• Plastic tackle boxes just like the craft boxes (but found by the fishing gear) were the cheapest, running about $4 and up.

  • If you don’t care about separators, a clear Rubbermaid shoe box would work fine, and it only costs $1.00.

I actually purchased a ready made kit that had the container with separators and 170 items. It is a Johnson & Johnson brand found in the first aid supplies at Walmart for $9.88. There was also a slightly larger one found in the sporting goods section for $13.88. It had more items. I figured if I was going to have to spend at least $7 for the container I wanted, I may as well spend a few extra dollars and get lots of supplies. I still added to this kit, but it gave me a good start. Items marked with * were included in kit I purchased. Click here for printer friendly .pdf.

The first aid kit should include:

  • *Sterile adhesive bandages in assorted sizes (Band-Aids)
  • *2-inch sterile guaze pads (4-6)
  • 4-inch sterile gauze pads (4-6)
  • *hypoallergenic adhesive tape
  • triangular bandages (3)
  • 2-inch sterile roll bandages (3 rolls)
  • 3-inch sterile roll bandages (3 rolls)
  • scissors
  • *tweezers
  • needle
  • *moistened towelettes
  • antiseptic
  • oral thermometer (rectal for infants)
  • tongue blades/depressors (2)
  • elastic bandage
  • *triple antibiotic ointment
  • tube of petroleum jelly (or other lubricant)
  • assorted sizes of safety pins
  • cleansing agent/soap
  • latex gloves (2 pair)
  • sunscreen (unless you packed this in your backpack with personal items)
  • *aspirin or ibuprofen pain reliever
  • *anti-diarrhea medication
  • antacid
  • syrup of ipecac (used to induce vomiting if indicated by poison control
  • laxative
  • activated charcoal (use if advised by Poison Control)
  • sanitary napkins (pressure dressing for wounds)
  • Q-tips (5)
  • Cotton balls
  • *First Aid guide
  • *Instant cold pack
  • *Emergency contact list

Good luck!

To do this week at home:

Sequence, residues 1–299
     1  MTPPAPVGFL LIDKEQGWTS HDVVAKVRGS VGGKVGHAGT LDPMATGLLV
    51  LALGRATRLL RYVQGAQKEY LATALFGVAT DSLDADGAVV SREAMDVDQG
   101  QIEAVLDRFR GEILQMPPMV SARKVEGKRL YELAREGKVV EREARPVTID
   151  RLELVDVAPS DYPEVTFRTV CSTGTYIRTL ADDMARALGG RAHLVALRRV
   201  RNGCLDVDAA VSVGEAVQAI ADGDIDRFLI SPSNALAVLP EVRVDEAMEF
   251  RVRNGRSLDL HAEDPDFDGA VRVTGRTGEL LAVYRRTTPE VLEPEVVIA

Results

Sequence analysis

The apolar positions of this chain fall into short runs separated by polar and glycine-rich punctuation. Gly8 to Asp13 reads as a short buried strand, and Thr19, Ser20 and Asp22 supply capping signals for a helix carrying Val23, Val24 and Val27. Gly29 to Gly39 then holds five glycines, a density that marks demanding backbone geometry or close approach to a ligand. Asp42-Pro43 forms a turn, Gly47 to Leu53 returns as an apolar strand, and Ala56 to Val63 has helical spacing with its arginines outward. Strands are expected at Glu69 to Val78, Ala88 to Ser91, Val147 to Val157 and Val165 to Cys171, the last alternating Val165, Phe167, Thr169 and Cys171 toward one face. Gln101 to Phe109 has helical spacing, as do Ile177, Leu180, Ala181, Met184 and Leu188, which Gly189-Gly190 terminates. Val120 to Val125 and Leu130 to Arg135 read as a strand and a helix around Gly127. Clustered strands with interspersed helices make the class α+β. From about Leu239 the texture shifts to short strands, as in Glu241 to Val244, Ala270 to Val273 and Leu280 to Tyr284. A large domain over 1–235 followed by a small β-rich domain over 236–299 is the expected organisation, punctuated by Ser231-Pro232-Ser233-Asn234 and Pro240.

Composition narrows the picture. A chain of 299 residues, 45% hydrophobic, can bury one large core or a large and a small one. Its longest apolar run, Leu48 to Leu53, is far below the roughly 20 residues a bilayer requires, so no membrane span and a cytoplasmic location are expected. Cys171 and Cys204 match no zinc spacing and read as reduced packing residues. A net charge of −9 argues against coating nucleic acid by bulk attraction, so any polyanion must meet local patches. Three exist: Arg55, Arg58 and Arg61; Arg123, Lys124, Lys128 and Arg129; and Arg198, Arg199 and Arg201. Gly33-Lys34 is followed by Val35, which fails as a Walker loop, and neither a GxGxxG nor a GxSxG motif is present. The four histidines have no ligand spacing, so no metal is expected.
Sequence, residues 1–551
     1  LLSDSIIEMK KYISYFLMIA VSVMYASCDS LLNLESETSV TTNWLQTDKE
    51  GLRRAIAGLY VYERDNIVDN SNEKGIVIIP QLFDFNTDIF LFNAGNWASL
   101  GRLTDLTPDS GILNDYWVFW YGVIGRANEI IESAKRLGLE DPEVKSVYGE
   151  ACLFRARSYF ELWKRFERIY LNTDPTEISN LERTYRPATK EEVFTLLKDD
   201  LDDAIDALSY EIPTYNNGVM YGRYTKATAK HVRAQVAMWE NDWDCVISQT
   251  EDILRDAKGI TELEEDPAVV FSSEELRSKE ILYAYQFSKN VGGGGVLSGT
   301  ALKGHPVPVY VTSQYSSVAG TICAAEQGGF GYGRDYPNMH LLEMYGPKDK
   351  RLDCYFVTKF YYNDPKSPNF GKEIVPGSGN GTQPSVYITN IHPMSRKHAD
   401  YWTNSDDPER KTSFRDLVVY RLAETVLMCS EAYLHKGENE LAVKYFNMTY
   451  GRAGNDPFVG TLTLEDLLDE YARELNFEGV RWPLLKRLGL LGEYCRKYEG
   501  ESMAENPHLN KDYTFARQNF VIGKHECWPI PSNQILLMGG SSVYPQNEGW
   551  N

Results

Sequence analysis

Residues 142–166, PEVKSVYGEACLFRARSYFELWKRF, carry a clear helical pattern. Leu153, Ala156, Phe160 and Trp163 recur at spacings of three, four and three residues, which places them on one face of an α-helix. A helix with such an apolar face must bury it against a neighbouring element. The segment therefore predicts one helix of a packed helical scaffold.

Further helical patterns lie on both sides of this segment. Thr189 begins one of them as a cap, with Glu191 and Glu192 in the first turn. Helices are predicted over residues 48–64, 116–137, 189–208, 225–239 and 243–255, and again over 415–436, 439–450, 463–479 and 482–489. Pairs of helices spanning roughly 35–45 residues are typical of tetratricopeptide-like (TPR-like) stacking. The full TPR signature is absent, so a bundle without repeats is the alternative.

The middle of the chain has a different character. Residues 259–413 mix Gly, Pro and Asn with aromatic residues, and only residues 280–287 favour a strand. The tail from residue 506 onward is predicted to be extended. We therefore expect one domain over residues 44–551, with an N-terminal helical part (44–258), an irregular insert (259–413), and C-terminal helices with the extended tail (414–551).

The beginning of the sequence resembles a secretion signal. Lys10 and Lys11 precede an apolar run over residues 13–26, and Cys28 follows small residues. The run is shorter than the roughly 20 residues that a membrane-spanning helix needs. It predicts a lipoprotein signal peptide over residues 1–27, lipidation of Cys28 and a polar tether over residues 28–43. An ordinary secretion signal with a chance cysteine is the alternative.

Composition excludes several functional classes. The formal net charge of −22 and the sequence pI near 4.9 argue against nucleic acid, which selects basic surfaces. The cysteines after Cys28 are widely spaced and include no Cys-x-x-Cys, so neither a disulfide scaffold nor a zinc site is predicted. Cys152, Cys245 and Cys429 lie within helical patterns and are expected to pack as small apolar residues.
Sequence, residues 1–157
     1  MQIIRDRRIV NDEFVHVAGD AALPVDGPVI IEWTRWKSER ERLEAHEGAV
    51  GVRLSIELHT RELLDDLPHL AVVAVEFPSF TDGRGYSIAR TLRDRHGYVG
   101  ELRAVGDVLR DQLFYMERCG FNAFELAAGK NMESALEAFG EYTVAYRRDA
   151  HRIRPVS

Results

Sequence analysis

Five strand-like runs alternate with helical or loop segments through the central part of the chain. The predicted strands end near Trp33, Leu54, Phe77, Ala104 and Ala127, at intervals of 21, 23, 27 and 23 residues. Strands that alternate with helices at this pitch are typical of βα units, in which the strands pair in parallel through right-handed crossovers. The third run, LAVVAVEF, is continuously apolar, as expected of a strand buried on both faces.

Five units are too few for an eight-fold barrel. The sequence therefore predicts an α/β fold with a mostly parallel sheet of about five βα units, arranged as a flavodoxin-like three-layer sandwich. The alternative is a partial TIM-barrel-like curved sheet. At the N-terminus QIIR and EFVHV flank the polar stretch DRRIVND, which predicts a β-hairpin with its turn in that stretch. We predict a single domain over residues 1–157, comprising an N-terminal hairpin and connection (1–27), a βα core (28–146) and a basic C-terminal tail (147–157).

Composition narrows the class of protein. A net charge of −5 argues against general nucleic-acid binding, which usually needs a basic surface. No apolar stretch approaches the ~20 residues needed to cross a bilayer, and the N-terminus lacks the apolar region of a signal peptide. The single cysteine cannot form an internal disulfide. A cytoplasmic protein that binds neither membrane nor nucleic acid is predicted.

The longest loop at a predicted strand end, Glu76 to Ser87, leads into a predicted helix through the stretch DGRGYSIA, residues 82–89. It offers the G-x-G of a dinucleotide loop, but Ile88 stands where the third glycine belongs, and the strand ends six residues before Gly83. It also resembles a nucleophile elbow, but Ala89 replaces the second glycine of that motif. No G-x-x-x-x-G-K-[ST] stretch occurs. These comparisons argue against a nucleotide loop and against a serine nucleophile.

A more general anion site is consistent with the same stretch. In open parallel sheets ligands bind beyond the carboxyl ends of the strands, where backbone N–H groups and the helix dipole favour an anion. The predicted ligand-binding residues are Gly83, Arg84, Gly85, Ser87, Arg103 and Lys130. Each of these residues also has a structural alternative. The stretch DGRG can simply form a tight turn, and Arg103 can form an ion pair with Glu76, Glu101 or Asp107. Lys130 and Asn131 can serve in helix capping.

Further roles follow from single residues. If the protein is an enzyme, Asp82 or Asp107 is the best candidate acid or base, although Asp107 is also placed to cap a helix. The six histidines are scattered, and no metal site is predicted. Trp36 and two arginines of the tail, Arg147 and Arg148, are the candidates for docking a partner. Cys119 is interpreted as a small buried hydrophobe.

Locate utility shut offs and show the family

Place extra shoes and flashlight under bed for emergency use at night. These should be right by where you step out of bed, near the frame of the bed.

Friday, October 2, 2009

72 Hour Kits: Reminders and Suggestions

72 Hour Kit: Suggestions and Reminders
  • Most items can be purchased at Wal-mart, camping supply stores, emergency preparedness stores, etc.
  • Store your kits in a convenient place known to all family members. Keep a smaller version of your kit in each vehicle.
  • Keep items in waterproof , airtight containers if possible.
  • Change your stored water, food, and clothing every six months. At that time, re-think your kit and family needs. Replace batteries, etc. Many people like to rotate at General Conference time.
  • Plastic bags can serve as trash bags, ground cloths, tents, broken window covers or rain coats.
  • Disinfectants like bleach, Lysol, and betadine can be used to treat sewage, waste water, and refuse to minimize infection.
  • In case you are separated from family when a disaster strikes, establish several different meeting places depending on the circumstances.
  • Place a sign on your kit reminding you to wear sturdy walking shoes, and to grab anything that is not located in kit (tent, etc).

Thursday, October 1, 2009

Homemade Spaghetti Sauce

Now is the time of year to be harvesting all those tomatoes before it freezes. This is a wonderful recipe to use some of those tomatoes.

Spaghetti Sauce
  • 1 lb ground beef
  • 1 large onion, chopped
  • 1 clove garlic, mined
  • 4 cups fresh tomatoes, cut up (you could also use 1 quart bottled tomatoes, or 2 (1 lb) cans of tomatoes
  • 8 oz tomato sauce
  • 12 oz tomato paste
  • 1 beef bouillon cube
  • 2 TB minced parsley
  • 2 tsp worcestershire sauce
  • 3 bay leaves (optional)
  • 1 tsp salt
  • 1/2 tsp chili powder (optional)
  • 1/4 tsp pepper
  • 1/2 cup green pepper (optional)
  • 1 TB brown sugar
  • 1 tsp oregano
  • 1 tsp basil
Brown meat with onion and garlic. Drain off fat. Combine all ingredients in crockpot. Cook on low for 6-8 hours. 1 hour before serving you can add any or all (or none!) of the following:
  • 1 can black olives, sliced
  • 1 can drained mushrooms
  • 1 can artichokes, diced
  • 1 can hearts of palm sliced
Serve over spaghetti or angel hair pasta. Sprinkle with fresh Parmesan. Enjoy!